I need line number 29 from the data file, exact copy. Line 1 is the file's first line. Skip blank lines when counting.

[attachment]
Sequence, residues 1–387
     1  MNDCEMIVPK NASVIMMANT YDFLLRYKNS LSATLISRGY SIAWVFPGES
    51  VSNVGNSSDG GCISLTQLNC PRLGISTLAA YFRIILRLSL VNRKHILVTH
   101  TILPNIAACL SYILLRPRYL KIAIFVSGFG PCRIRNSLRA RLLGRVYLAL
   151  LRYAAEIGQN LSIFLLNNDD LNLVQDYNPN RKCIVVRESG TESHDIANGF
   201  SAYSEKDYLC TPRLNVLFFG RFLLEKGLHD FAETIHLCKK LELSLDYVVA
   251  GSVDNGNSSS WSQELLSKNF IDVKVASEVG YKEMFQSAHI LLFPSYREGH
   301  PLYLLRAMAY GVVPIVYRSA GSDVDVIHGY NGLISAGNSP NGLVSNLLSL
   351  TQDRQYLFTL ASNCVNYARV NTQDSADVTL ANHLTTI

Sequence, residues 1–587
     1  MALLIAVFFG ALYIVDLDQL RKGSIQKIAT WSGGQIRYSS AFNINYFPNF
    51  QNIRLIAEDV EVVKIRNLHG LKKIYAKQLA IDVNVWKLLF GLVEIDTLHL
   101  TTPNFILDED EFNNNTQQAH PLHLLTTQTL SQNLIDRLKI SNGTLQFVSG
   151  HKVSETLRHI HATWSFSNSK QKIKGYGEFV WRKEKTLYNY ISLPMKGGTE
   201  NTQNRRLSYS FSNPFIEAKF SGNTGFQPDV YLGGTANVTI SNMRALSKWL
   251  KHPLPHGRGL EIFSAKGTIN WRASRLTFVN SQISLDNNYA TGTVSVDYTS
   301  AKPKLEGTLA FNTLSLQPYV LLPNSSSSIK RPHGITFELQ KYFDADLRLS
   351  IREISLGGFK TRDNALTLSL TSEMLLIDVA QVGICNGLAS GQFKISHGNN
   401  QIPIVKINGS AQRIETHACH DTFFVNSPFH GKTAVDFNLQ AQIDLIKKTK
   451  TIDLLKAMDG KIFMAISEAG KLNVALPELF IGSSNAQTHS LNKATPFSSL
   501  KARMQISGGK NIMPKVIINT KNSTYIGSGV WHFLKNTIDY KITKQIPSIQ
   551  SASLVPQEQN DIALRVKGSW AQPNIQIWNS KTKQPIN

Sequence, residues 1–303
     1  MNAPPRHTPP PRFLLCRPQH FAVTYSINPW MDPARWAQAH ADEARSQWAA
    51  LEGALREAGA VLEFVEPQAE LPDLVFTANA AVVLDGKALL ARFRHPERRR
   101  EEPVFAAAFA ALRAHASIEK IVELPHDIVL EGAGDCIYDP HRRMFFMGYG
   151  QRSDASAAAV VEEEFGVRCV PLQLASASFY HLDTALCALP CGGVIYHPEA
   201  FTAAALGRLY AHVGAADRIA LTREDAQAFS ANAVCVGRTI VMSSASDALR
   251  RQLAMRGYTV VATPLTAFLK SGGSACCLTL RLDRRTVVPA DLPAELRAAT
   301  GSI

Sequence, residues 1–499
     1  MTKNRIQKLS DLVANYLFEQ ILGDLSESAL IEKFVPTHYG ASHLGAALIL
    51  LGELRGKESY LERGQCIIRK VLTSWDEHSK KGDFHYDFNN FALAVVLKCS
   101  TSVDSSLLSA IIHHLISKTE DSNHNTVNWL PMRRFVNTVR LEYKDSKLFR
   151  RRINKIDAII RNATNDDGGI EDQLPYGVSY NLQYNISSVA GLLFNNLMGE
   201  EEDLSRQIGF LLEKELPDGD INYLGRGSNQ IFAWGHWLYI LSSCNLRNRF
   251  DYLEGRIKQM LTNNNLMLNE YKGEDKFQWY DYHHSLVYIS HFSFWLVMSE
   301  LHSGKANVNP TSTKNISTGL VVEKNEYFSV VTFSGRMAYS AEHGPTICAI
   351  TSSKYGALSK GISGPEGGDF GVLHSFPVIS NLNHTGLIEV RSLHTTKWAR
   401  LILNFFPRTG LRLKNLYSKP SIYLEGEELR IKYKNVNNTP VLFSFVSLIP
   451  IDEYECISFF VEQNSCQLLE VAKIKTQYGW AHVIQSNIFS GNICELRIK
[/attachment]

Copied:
   251  RQLAMRGYTV VATPLTAFLK SGGSACCLTL RLDRRTVVPA DLPAELRAAT